"There was this huge support system. I'm an orphan so the University became my family," he said. "It says a lot about the University to provide this level of support for this particular population that is in dire need. To have all four of us taking this huge step ....this should help other students move in the right direction."
Garcia has applied for the master of science in social work program and is pre-admitted to law school. He said he chose psychology for his undergraduate degree because foster care youth have a high incidence of PTSD (Post-Traumatic Stress Disorder).
"I have seen the needs of those in foster care and the ins and outs and ups and downs of it definitely pulled me toward that field," he said. "I want to help to improve and to give back to the community that has made it possible for us to succeed."
Rios told them three life lessons she learned: show up and excel, be positive and respectful and do something about which they are passionate.
"Your career is not going to be easy," Rios said. "There's going to be detours, there's going to be on-ramps and off-ramps, and there's going to be some failures. There is no GPS for your career."
González, who grew up in the Rio Grande Valley and helped his family pick crops while working as migrant farmers up north, said his parents told him to have a large family if he were to continue working as a migrant farmer. They also encouraged him to pursue an education. He decided to follow the latter advice.
"You're going to have people who love you, who care about you and mean well, and they want the best for you, but they're giving you advice based on their experience, and, ultimately, while they might mean well, it may be limiting for you," González said. "This is your degree, this is your life. Follow your heart, follow your passion, and be careful with some of the advice that people will give you, because it may limit your potential."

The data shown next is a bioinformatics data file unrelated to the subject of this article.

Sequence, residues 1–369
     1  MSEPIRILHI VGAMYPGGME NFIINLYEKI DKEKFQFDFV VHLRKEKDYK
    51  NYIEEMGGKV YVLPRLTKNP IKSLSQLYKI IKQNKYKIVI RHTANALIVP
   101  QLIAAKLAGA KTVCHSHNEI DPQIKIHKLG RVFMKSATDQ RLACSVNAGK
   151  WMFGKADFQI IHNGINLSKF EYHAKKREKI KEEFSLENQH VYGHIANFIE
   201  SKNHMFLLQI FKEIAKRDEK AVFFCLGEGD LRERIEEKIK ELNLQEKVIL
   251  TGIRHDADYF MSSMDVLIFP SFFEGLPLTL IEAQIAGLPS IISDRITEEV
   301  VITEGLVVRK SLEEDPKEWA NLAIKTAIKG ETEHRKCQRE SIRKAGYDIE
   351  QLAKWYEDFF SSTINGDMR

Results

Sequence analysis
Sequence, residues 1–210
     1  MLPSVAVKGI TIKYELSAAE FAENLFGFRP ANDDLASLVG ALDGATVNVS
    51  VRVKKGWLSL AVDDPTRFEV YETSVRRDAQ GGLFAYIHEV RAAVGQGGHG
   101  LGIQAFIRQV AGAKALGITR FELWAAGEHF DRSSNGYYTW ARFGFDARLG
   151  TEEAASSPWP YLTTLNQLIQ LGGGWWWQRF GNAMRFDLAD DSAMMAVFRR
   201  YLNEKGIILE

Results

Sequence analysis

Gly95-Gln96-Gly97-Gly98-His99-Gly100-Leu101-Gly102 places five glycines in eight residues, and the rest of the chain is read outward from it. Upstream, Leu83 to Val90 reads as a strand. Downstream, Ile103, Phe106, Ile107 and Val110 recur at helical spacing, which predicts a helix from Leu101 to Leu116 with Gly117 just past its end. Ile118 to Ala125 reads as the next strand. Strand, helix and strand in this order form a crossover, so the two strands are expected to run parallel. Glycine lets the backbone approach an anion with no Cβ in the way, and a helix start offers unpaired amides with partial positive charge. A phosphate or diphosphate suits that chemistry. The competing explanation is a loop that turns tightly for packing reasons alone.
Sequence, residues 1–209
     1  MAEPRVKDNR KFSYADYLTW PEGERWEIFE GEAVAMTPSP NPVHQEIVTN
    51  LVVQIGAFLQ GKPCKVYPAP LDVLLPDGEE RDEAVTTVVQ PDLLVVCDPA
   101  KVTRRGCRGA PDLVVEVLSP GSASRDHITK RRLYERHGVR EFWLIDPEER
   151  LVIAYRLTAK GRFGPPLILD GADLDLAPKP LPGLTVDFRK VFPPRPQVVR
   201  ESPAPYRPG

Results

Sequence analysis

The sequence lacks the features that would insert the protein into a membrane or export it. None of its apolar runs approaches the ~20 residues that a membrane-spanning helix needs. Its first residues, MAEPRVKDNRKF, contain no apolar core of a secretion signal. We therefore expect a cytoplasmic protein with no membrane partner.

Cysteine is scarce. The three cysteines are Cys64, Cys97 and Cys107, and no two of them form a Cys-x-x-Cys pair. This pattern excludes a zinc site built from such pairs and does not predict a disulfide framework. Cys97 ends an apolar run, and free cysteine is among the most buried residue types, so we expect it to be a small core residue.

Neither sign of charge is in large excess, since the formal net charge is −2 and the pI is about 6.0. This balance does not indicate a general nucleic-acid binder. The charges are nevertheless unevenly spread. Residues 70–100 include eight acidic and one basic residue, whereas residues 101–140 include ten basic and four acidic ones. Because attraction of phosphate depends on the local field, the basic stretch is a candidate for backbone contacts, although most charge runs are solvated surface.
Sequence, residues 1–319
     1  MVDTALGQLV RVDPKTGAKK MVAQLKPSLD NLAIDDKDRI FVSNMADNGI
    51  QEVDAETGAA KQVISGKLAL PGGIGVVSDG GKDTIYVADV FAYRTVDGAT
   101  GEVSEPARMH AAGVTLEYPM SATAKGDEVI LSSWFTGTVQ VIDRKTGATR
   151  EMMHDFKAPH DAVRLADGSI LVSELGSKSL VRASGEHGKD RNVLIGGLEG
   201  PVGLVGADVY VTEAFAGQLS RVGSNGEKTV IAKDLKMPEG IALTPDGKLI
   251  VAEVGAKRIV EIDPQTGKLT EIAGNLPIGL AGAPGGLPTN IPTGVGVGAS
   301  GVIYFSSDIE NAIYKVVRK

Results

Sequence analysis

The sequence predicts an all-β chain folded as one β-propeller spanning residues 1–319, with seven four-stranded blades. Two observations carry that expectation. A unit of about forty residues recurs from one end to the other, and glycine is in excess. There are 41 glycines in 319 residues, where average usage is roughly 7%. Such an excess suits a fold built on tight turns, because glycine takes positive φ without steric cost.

For Mayra G. Oyervides, Saturday's graduation signified another personal goal she achieved. Oyervides, who graduated with a Master of Science in biology, said this accomplishment far exceeded her expectations.
She had dropped out of high school at 16 and soon realized she had made a mistake, so she earned her general equivalency diploma, then her Associate degree in biology from South Texas College. She went on to earn her Bachelor of Science degree in biology degree from UTPA in 2009.
"It's more than I thought I would achieve, but I'm already making plans for a Ph.D. as well," Oyervides said. "Not too shabby for a high school dropout, I guess."
"Them having this faith in me that you can do it and always pushing me to strive for more drove me to have those high aspirations to do it," she said.
She also encouraged younger students to never give up.
"Education is definitely necessary, especially for us Hispanics, because we're a large minority in terms of the number of people here but, in terms of education, we're one of the lowest," she said. "I really think we need to change that because we have the capacity, we have hundreds of grads here today, most of them Hispanics, and if you had a slip up early on in your career, in high school, just don't give up on yourself. You can always do more and there's no goal that's too far-fetched."
See more of the commencement ceremonies in this photo gallery.